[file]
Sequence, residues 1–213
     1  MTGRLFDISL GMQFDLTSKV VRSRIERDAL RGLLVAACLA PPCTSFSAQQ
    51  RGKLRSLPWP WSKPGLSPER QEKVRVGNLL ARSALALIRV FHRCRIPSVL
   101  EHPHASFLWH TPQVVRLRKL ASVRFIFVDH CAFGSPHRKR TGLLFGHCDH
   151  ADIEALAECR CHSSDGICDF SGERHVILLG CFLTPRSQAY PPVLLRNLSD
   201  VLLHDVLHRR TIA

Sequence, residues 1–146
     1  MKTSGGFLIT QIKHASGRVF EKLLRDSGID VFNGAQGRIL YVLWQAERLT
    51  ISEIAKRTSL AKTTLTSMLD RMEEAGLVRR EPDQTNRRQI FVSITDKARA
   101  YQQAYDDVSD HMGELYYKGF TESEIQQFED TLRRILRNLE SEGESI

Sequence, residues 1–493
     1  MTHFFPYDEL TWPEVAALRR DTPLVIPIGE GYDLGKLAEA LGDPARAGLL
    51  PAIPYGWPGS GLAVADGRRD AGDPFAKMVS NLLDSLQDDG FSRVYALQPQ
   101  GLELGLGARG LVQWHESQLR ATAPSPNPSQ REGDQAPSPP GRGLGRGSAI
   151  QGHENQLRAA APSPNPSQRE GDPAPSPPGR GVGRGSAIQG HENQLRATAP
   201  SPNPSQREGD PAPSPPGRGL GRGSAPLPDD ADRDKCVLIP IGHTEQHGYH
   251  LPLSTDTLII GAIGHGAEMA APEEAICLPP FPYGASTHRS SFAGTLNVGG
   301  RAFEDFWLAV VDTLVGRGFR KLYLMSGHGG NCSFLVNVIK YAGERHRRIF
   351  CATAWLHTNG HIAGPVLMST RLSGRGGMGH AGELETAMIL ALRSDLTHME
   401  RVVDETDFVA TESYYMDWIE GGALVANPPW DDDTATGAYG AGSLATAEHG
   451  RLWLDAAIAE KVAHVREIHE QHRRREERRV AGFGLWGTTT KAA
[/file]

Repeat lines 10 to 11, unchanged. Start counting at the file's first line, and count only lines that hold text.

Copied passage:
   101  YQQAYDDVSD HMGELYYKGF TESEIQQFED TLRRILRNLE SEGESI

Sequence, residues 1–493